I?ve played golf in some atrocious conditions. In mid-winter I?ve stepped out optimistically onto the course into the teeth of a blizzard, I?ve battled hurricane-force winds and sub-zero temperatures just to get my golfing fix. I may lack mental fortitude in many departments but braving the elements isn?t one of them. As a result, I absolutely cannot stand it when a golf course closes. I?m not the only one. At Banchory a couple of winters ago about a foot of snow fell during one night. A fourball of older members were absolutely incensed when they arrived for their 9.07 tee time to discover they wouldn?t be allowed out for their weekly 20 pence match. ?What?s the problem?? they asked. ?We?ve got orange balls.?

From Sunday until last night (Wednesday) it?s been lashing down with rain. There?s a puddle outside our front door that?s deep enough for my dog to have a swim in. Banchory golf course put up a valiant fight against the deluge, but yesterday the greenkeeper was forced to admit defeat and the ?Course Closed? signs went up to the sound of much booing and jeering from the clubhouse.

It?s open again today but yesterday, Wednesday May 30 2007, is irrevocably lost. Goodness only knows what golfing heroism may have occurred had the few intrepid warriors still brave enough to attempt a game been allowed to go out to battle. Someone could have scored a first hole-in-one, someone could have overcome the yips or found the key to producing the perfect swing. But no, all were confined to barracks because of a little moisture on the fairways. What a shame.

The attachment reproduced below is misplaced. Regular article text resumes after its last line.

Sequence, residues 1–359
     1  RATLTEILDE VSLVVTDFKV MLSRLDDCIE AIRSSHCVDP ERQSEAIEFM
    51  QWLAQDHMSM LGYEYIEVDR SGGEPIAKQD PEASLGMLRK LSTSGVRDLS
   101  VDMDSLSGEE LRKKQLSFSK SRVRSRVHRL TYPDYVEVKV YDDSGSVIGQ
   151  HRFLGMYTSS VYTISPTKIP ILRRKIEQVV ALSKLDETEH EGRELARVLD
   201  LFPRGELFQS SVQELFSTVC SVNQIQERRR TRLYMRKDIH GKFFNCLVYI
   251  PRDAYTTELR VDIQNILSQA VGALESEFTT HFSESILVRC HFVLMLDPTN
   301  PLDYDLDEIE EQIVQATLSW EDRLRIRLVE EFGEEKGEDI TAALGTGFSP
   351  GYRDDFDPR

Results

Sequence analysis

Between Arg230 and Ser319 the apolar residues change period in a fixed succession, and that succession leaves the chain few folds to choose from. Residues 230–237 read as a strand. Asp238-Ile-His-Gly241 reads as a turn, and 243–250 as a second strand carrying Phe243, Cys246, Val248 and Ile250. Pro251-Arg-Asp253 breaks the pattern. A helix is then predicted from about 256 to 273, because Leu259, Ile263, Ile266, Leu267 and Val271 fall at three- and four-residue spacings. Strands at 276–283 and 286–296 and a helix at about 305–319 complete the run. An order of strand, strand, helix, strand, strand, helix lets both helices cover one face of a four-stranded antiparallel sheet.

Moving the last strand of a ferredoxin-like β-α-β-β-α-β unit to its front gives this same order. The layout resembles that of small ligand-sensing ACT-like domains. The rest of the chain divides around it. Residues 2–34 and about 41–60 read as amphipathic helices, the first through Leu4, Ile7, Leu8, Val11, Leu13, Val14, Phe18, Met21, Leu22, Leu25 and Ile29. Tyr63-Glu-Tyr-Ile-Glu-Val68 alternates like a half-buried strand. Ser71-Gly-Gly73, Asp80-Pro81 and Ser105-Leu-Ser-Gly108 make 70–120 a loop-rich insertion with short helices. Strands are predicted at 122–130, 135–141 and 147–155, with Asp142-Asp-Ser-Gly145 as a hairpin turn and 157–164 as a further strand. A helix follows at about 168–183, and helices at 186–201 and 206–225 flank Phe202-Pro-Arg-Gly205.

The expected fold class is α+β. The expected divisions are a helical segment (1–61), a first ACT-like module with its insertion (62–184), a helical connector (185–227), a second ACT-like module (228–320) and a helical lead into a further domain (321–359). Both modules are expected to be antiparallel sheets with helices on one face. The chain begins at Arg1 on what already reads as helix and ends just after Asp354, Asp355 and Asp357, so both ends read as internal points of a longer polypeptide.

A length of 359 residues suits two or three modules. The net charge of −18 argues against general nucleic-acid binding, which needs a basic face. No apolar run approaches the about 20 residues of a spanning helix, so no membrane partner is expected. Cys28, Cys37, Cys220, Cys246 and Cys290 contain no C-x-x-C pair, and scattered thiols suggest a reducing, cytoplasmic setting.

Henry V may not have won the battle of Agincourt had he abandoned play because of the rain and heavy going underfoot. In fact, it worked to his advantage as the massively larger French army got, quite literally, stuck in the mud. On Tuesday night Jim and I did a Henry V in our first-round match of the club foursomes. It was pouring with rain but we drew on our Alliance experience to deal with the bad weather better than our opponents. Out came the rain gloves, the brollies and the waterproofs. Headcovers were removed and towels tied under umbrellas. We barely felt the rain as we cantered home to victory. Actually we played pretty badly but managed to be just slightly less bad than the opposition.

Foursomes is a treacherously difficult format. You play from places you?d never normally visit, it takes at least six or seven holes before you settle into your game and you feel great pressure not to let your partner down. Although it?s completely different from playing your own ball many of the same virtues are important:

Own ball: You must accept the lip-outs and the bad shots you?ll inevitably play.
Foursomes: You must also accept your partner?s lip-outs and bad shots.

Own ball: In medal play you must stay focused from hole 1 to hole 18.
Foursomes: You must maintain focus as you trudge back to the tee to play a provisional ball having watched your partner launch one into the jungle.

Own ball: Nobody likes to see someone losing their rag on course. You?ve got to try and keep the anger you?re feeling towards yourself under control.
Foursomes: Nobody likes to see someone losing their rag with their partner. You?ve got to try and keep the anger you?re feeling towards him under control.

Own ball: You must be brave to fight back after making a quadruple bogey. Remember, Rule 19.8 applies.
Foursomes: You must have the courage to look up at your partner after missing a two footer for a half (or after leaving him a two footer for a half).

Jim and I have only played one foursomes match together and it was a relatively easy victory so we?re yet to test ourselves on any of the above. I?ll let you know how we get on in round two.